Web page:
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Oil giant primes the biofuel pump with $500 million

February 02, 2007|Richard C. Paddock | Times Staff Writer

BERKELEY — Oil giant BP will give $500 million to a partnership led by UC Berkeley to develop new biofuels and reduce environmental harm caused by the use of fossil fuels, Gov. Arnold Schwarzenegger and company officials announced Thursday.

UC Berkeley will team up with the University of Illinois at Urbana-Champaign and the Lawrence Berkeley National Laboratory to develop fuel from plants, improve the extraction of oil from existing reserves and find ways to keep carbon from entering the atmosphere.

University and oil company officials said the creation of the Energy Biosciences Institute is an unprecedented effort to find clean, sustainable sources of energy and reduce the emission of greenhouse gases that cause global warming.

"This is great news for California and great news for America," said Schwarzenegger, who had pledged $40 million in state funds if a California university received the award. "This is the first research laboratory dedicated to the development of alternative fuels. We will be the world center for biofuels research.

"We are not waiting for a clean energy revolution," added the governor, who signed legislation last year to curb the emission of greenhouse gases. "We are the leaders in that revolution."

BP, formerly known as British Petroleum, has agreed to provide $50 million a year for 10 years to the institute, an unusual partnership between the universities, the oil company and state and federal governments. As many as 50 BP employees will work at the two campuses.

Much of what the institute develops will be made available to the public, but BP will retain exclusive control over certain discoveries, said Robert C. Dynes, president of the University of California system. The institute will be governed by a board that will include university and oil company officials.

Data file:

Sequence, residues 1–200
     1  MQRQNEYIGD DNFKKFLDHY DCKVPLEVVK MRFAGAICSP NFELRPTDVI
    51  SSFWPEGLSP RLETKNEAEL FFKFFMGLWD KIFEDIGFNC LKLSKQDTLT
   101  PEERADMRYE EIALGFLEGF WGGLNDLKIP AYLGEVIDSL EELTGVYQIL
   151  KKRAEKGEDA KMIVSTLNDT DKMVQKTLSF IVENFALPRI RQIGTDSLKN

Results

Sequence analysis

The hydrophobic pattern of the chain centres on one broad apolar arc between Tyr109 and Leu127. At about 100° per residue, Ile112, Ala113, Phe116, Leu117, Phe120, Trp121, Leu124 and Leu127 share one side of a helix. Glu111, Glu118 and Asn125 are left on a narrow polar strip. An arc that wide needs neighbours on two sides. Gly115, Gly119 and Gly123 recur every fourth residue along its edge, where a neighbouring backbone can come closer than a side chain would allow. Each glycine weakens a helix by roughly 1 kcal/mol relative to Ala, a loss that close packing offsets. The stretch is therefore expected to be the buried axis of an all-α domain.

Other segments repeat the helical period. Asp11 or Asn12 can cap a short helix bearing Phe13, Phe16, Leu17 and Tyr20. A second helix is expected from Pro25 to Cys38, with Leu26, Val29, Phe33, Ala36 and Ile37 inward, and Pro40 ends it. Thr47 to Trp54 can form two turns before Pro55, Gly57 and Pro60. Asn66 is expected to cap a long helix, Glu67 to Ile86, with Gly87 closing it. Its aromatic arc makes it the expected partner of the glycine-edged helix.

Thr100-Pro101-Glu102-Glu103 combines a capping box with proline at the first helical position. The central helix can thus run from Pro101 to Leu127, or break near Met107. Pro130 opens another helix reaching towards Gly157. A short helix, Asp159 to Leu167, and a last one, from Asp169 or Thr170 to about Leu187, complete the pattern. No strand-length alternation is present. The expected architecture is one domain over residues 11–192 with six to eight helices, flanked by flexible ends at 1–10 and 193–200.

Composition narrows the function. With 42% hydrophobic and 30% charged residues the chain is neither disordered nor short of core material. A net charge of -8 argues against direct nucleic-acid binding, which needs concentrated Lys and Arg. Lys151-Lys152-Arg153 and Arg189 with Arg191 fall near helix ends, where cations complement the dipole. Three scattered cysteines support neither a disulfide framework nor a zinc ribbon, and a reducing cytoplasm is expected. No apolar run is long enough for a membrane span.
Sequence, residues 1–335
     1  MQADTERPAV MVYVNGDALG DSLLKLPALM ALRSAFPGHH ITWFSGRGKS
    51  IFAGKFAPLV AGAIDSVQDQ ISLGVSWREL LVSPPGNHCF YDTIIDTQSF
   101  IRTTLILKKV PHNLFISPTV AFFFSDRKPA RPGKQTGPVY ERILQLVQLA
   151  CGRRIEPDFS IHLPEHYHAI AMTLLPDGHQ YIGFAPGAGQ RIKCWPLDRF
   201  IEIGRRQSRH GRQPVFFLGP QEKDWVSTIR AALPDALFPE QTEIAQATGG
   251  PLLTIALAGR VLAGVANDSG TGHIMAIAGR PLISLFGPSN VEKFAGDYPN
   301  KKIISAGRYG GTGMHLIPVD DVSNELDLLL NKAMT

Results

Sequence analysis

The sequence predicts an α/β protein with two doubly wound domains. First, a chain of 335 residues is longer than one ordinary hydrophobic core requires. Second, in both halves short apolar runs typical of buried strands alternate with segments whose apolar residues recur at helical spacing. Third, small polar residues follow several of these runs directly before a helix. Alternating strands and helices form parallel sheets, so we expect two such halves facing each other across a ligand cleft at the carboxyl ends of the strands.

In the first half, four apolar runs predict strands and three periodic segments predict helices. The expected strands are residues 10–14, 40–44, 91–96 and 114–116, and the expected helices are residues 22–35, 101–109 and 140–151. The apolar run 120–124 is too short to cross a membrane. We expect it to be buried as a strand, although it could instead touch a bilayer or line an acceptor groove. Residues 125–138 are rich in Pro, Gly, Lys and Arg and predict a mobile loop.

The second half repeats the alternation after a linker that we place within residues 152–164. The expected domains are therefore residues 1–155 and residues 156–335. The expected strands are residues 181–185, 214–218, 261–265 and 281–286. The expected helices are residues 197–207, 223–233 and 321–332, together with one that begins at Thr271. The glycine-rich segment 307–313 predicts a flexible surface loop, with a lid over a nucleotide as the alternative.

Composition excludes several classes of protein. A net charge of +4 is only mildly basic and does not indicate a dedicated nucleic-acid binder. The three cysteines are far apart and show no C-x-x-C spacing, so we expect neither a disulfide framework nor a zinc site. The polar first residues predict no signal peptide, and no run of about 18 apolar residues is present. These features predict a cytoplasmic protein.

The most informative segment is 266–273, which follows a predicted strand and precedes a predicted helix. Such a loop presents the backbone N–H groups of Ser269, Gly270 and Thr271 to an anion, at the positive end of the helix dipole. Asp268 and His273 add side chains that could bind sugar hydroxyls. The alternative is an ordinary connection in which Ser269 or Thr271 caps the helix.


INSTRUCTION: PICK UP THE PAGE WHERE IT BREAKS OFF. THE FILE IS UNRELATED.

A building to house the institute will be built on UC land at the Lawrence Berkeley National Laboratory, a renowned research facility managed by UC.

The University of Illinois, which is noted for its research in plant genetics, could receive as much as $100 million of the award. Illinois Gov. Rod R. Blagojevich joined Schwarzenegger and others in making the announcement.

Officials of both universities said they expect the institute to begin operating by June.

The Berkeley-Illinois partnership was chosen over four competing proposals, including bids from Cambridge University, UC San Diego and the Massachusetts Institute of Technology.

"The proposal from UC Berkeley and its partners was selected in large part because these institutions have excellent track records of delivering 'big science' -- large and complex developments ... that can be deployed in the real world," said BP Group Chief Executive John Browne.

Steven Chu, who shared the Nobel Prize in physics in 1997 and is director of the Lawrence Berkeley lab, said the institute would take a team approach with scientists from different disciplines collaborating in as many as 25 groups.

"Our new institute will combine the best qualities of individual genius in our faculty and staff with the capability to form teams that can rapidly explore bold approaches that are well beyond the reach of a single investigator or a single discipline," Chu said.

The institute will create the new discipline of "energy biosciences" and will offer instruction to undergraduate and graduate students in the hope of nurturing a new generation of experts in alternative fuels.

"It is my belief that we are reinventing the research university in this public-private partnership," Dynes said. "This place will be teeming with students."

Dynes noted that the institute will be part of a broader effort by the UC to develop alternative fuels from hydrogen, helium, wind and solar energy.

University officials were optimistic that the institute can find a sustainable, clean source of fuel to solve the energy crisis that threatens both the global climate and the political stability of the world. Some likened it to the Manhattan Project, which developed the atomic bomb, and others to the U.S.-Soviet space race.

"This is our generation's moon shot," said UC Berkeley Chancellor Robert Birgeneau.


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